Tag Archives: DRC

Redemption Songs

A girl forced into sex slavery becomes a young woman learning to fix cars. Her dream was simply to drive. Unobtrusive and quietly brave, a young boy returns from a life as a spy in a rebel camp and learns to be a carpenter. How does a child survive war and enter the civilian world?

Check out this blog post from Medium, exploring the post-conflict lives of 12 Congolese children: https://medium.com/p/594b85beaf64.


Fair Trade Phones: An Idea Worth Spreading

Check out this powerful TED Talk by Congolese activist Bandi Mbubi exploring the importance of developing a plan to make fair trade cell phones: http://www.ted.com/talks/bandi_mbubi_demand_a_fair_trade_cell_phone


Since 1996, over 5 million Congolese men, women, and children have lost their lives, in large part due to the extraction of coltan. This precious mineral is found in practically every cell phone, laptop, and gaming device available on the market today. In this Talk, Mbubi tells us more about what the extraction of coltan has meant for the government, economy, and most importantly the people of the DRC.

What Really Happened in the Congo?

In the latest issue of Foreign Affairs magazine, author Stephen Weissman takes us inside the political world of the Democratic Republic of the Congo in the 1960s. Weissman explores one of the most contentious issues of Congolese independence: how big of a role did the CIA play in the death of independence leader Patrice Lumumba? See an excerpt of the article here and follow the link above to read the article in its entirety:

We now know that even though the threat of communism in Congo was quite weak at the time of Congo’s independence, the CIA engaged in pervasive political meddling and paramilitary action between 1960 and 1968 to ensure that the country retained a pro-Western government and to help its pathetic military on the battlefield. So extensive were these efforts that at the time, they ranked as the largest covert operation in the agency’s history, costing an estimated $90–$150 million in current dollars, not counting the aircraft, weapons, and transportation and maintenance services provided by the Defense Department. The CIA had a hand in every one of Congo’s major political turning points during the period and maintained a financial and political relationship with every head of its government.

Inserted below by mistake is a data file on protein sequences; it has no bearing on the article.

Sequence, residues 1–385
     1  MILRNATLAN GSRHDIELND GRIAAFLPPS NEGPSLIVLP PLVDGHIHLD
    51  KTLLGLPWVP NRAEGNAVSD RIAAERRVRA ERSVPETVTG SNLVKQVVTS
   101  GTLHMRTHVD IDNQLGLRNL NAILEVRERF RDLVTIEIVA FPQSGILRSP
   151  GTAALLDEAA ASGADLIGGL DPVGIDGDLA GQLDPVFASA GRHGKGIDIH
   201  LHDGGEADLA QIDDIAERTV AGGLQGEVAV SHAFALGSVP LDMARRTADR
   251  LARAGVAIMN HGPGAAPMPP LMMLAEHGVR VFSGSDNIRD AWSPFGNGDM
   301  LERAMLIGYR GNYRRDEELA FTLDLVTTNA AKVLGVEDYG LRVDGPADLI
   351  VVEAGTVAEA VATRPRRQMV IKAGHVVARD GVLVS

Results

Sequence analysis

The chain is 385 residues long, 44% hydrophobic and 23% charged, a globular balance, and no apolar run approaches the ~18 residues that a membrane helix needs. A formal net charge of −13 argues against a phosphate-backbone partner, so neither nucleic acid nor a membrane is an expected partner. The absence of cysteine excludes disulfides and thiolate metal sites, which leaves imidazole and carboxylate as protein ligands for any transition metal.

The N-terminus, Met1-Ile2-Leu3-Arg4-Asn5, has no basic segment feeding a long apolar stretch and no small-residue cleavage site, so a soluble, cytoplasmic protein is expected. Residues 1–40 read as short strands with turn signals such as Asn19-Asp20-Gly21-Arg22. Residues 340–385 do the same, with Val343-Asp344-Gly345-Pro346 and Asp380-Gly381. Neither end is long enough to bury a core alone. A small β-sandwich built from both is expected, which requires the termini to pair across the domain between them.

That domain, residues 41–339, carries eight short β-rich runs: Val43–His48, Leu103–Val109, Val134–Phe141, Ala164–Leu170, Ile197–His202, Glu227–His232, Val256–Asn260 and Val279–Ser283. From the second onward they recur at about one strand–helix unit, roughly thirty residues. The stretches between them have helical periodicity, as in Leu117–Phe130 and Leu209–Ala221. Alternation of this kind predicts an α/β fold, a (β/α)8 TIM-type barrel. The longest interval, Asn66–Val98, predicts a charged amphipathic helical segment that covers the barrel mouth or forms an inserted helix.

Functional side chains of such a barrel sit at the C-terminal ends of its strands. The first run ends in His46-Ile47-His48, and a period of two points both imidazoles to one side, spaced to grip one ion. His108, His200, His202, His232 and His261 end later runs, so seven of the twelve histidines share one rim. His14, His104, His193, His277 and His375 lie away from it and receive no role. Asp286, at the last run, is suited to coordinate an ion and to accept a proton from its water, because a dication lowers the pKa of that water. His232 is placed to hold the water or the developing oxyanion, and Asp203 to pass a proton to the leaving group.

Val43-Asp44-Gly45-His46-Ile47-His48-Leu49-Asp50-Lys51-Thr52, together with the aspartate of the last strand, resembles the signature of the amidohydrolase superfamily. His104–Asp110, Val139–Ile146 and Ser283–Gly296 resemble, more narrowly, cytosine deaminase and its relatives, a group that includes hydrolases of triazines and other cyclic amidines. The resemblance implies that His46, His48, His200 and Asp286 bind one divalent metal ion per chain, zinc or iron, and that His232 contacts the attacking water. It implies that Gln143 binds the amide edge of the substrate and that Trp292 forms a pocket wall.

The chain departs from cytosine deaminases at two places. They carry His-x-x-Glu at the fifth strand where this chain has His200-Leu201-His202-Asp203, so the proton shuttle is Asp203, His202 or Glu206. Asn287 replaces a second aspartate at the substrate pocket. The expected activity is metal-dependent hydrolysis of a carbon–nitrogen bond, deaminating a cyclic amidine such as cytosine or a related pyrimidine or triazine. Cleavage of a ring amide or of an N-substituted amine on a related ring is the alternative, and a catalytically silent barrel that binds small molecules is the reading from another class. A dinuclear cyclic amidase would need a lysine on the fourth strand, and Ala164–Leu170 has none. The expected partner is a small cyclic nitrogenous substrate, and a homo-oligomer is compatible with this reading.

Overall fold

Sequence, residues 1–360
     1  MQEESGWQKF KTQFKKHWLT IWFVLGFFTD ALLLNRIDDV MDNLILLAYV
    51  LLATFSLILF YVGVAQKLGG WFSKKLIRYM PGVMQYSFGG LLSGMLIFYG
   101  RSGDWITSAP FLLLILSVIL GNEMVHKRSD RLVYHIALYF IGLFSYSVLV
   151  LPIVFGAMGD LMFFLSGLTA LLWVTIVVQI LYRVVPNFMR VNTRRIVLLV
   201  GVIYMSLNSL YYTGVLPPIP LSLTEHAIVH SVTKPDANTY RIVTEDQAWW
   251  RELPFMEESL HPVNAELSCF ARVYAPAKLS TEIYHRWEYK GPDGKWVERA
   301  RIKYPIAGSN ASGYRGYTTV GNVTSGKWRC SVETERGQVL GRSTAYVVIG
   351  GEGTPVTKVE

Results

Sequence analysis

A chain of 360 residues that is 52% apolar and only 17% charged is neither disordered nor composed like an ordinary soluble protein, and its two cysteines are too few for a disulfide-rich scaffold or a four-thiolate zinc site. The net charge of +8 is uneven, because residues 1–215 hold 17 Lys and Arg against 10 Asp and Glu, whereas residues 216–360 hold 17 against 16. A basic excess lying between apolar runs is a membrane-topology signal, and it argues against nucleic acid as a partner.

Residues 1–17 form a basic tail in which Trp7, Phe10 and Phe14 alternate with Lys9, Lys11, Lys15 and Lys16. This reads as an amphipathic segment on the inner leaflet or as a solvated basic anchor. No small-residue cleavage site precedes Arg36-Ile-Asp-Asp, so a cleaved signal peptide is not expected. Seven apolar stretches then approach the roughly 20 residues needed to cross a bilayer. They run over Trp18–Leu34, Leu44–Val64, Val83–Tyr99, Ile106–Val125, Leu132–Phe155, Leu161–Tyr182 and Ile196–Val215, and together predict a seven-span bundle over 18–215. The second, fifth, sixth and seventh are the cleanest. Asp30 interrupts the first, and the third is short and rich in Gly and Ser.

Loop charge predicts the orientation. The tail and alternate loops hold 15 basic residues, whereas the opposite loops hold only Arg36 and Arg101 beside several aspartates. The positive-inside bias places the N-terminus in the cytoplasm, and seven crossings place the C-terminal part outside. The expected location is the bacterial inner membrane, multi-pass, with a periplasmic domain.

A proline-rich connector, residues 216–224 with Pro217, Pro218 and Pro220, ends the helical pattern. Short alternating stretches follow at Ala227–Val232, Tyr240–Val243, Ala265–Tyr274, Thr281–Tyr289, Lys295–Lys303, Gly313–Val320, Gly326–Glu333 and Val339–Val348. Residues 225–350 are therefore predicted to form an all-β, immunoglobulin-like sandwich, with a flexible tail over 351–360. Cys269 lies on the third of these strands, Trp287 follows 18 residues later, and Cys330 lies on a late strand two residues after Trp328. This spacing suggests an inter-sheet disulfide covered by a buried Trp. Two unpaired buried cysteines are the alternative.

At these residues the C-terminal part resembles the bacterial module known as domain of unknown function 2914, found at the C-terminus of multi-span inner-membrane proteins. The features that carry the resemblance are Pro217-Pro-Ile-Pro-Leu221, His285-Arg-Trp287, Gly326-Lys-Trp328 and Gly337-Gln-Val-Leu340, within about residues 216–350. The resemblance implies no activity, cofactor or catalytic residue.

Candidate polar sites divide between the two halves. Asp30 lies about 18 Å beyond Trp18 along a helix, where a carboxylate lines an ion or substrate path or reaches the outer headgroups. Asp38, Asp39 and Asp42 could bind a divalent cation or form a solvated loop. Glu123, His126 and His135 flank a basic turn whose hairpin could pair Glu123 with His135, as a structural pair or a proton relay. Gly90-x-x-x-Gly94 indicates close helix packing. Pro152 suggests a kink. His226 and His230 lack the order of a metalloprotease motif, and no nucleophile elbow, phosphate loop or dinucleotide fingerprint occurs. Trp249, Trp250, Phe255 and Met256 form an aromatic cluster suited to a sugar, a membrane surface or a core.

My Article is Officially Published!!

I’ve been waiting a very long time for this….the article I submitted to the Journal of International Peacekeeping is officially published and available online! Check out my Abstract below and click on the title, which is an active link to Brill’s publishing site.

Transformative Peace in the Democratic Republic of the Congo

Emily K. Maiden

This article critiques the potential success of the Peace, Security, and Cooperation Framework for the DRC and the Region—signed on February 24, 2013—against the backdrop of the 1999 Lusaka Ceasefire Agreement, which failed to end the Second Congo War. The 1999 Agreement failed because its overall design, coupled with the socio-political climate in the region at the time, resulted in a ‘no war, no peace’ scenario. These failures were furthered by the overall inability of the international peacebuilding community to design and implement a peace strategy in the DRC that aligned with the needs of the Congolese people. If the 2013 Framework is to succeed, what is required is a transformation of the peace process, which will incorporate the Congolese civil society, avoid restrictive timelines, and focus on securing realistic commitments. By critically analyzing both the 1999 Agreement and the broader conflict-resolution and peacebuilding processes, international peace practitioners can learn from the situation in the DRC and use the revised peace model this article outlines to promote true and lasting peace in regional conflicts across the developing world.

1999 Lusaka Ceasefire Agreement,Democratic Republic of the Congo, peacekeeping, post-conflict transformation, peacemaking